Bhutan drops six places in business ease index

Bhutan’s ranking dropped to the second last position in South Asia just ahead of war torn Afghanistan

Bhutan slid six places down from its last year’s position to stand at 148, much below all other South Asia region countries except for Afghanistan, under the latest ‘Ease of Doing Business’ index for 2013, released by the International Finance Corporation (IFC), on Tuesday.

Of the 185 countries where the study was conducted, Bhutan continues to be among the most difficult countries to do business while Singapore remains at the top for the seventh year in a row.

Each year, IFC, publishes a “Doing business” report in which they rank countries according to the “ease of doing business” in those countries. According to the index, “Economies are ranked on their ease of doing business, from top to bottom among 185 countries.”

IFC is an international financial institution which offers investment, advisory, and asset management services to encourage private sector development in developing countries. It is an autonomous part of the World Bank Group.

Doing business sheds light on how easy or difficult it is for a local entrepreneur to open and run a small to medium-size business when complying with relevant regulations. It measures and tracks changes in regulations affecting 11 areas in the life cycle of a business. Bhutan’s ranking has slid in several parameters from its positions in last year’s report except for dealing with construction permits and resolving insolvency which remained constant at 124 and 185.

Opportunity to start business in a country was taken as an important benchmark of the index. In Bhutan the benchmark was relatively poor as it slid by eight positions to 94.

Similarly, getting credit facility, protection of investment, payment of tax and cross border trade declined by two, three, four and one positions coming to 129, 150, 71 and 172. Although, restriction on loans this year, due to the Indian rupee shortfall has made doing business difficult in the country, the report states “Bhutan improved its credit information system by launching the operation of a public credit registry in 2012.”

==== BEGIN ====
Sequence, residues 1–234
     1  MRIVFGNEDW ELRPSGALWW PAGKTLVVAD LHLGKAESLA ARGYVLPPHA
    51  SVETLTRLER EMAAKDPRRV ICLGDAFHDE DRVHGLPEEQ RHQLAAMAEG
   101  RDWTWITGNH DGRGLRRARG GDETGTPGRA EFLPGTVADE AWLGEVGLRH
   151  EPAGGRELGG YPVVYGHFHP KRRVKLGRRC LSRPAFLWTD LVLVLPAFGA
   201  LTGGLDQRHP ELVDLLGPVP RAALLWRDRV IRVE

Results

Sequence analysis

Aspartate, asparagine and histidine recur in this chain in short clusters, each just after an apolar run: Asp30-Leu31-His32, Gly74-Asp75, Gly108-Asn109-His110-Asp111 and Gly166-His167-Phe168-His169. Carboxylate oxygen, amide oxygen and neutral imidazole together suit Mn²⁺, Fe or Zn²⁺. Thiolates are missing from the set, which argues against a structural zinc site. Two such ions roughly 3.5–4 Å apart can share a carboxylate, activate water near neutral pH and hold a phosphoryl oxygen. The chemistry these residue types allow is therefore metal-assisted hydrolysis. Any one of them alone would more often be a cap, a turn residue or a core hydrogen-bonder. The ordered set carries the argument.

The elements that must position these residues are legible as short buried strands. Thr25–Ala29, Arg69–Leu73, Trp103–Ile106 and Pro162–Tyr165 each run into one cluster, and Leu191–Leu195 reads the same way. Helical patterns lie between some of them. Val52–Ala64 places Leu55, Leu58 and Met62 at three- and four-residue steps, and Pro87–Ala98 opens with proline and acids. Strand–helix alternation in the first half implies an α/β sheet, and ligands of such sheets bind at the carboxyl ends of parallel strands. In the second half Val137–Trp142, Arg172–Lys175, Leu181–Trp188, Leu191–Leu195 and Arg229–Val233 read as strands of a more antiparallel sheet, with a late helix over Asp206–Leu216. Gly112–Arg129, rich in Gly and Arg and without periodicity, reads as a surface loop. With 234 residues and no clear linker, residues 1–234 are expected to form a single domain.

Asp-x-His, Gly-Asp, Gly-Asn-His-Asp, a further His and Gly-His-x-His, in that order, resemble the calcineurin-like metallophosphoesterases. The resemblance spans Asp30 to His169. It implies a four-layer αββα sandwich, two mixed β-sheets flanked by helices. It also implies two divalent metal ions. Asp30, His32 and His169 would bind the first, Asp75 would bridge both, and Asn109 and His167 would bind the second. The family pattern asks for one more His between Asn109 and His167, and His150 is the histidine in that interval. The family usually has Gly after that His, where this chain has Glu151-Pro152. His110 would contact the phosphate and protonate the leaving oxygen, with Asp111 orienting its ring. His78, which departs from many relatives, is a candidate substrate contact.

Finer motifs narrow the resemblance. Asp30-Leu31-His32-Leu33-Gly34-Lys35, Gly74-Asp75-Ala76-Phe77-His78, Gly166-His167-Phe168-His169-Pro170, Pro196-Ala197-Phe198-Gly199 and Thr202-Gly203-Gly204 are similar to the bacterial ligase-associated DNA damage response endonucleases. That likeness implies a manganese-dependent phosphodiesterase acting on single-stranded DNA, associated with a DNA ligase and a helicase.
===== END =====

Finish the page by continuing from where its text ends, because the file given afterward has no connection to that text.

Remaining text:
Despite being known for hydropower production and exports, Bhutan’s ranking in the area of getting electricity to do business has plummeted from the already 135 low to 136 this year. This ranks Bhutan below most of the south Asian neighbors. Nepal ranks the best in the region in allowing access to reliable and affordable electricity for businesses.

Globally, Bhutan stands at 85 in the ranking of 185 economies on the ease of registering property, two steps down from last year’s ranking. According to the report, registering properties for starting a business takes 92 days in Bhutan, against 100 days in the South Asian region on an average, while according to the OECD, it should not take more than 26 days.

On the other hand, the latest report states Bhutan has advanced the furthest toward the frontier in regulatory practice in contract enforcement since 2005 compared to the other 184 countries included in the study.

Ease of employing workers was also considered an important area for criterion. Implementation of a minimum wage in the private sector for the first time by Bhutan and Kosovo is said to have made employing workers easier.

In 2008, the IFC report stated implementing the labor law, cutting down procedural steps, and speeding up property registration have made Bhutan one of the top business friendly countries in South Asia.

However, Bhutan’s ease of doing business rank fell from 119 to 148 during the period of 2008 to 2013, which is obviously not a good sign.

The report flies in the face of the governments promises to strengthen Bhutan’s fledgling private sector which is currently facing an unprecedented financial crisis and credit crunch.

Georgia, Rwanda, Belarus, China, Colombia, Ghana and Armenia are among the countries that the report found have improved the most their business regulatory environment since 2005. The report states “among the 50 economies with the biggest improvements since 2005, the largest share, a third are in Sub-Saharan Africa.”

One of the findings shows that European economies in fiscal distress are making efforts to improve the business climate, and this is beginning to be reflected in the indicators tracked by Doing Business, with Greece being among the 10 economies that improved the most in the Doing Business measures in the past year.